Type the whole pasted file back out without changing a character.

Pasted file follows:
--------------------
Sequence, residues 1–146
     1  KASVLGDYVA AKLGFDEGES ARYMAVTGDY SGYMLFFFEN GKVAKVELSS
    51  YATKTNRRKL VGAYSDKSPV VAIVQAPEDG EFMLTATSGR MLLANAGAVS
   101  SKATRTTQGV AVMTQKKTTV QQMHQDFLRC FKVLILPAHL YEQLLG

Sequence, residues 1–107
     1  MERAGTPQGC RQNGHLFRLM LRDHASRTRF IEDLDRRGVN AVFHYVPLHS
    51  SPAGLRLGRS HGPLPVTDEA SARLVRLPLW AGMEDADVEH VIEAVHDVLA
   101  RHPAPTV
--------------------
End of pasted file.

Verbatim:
Sequence, residues 1–146
     1  KASVLGDYVA AKLGFDEGES ARYMAVTGDY SGYMLFFFEN GKVAKVELSS
    51  YATKTNRRKL VGAYSDKSPV VAIVQAPEDG EFMLTATSGR MLLANAGAVS
   101  SKATRTTQGV AVMTQKKTTV QQMHQDFLRC FKVLILPAHL YEQLLG

Sequence, residues 1–107
     1  MERAGTPQGC RQNGHLFRLM LRDHASRTRF IEDLDRRGVN AVFHYVPLHS
    51  SPAGLRLGRS HGPLPVTDEA SARLVRLPLW AGMEDADVEH VIEAVHDVLA
   101  RHPAPTV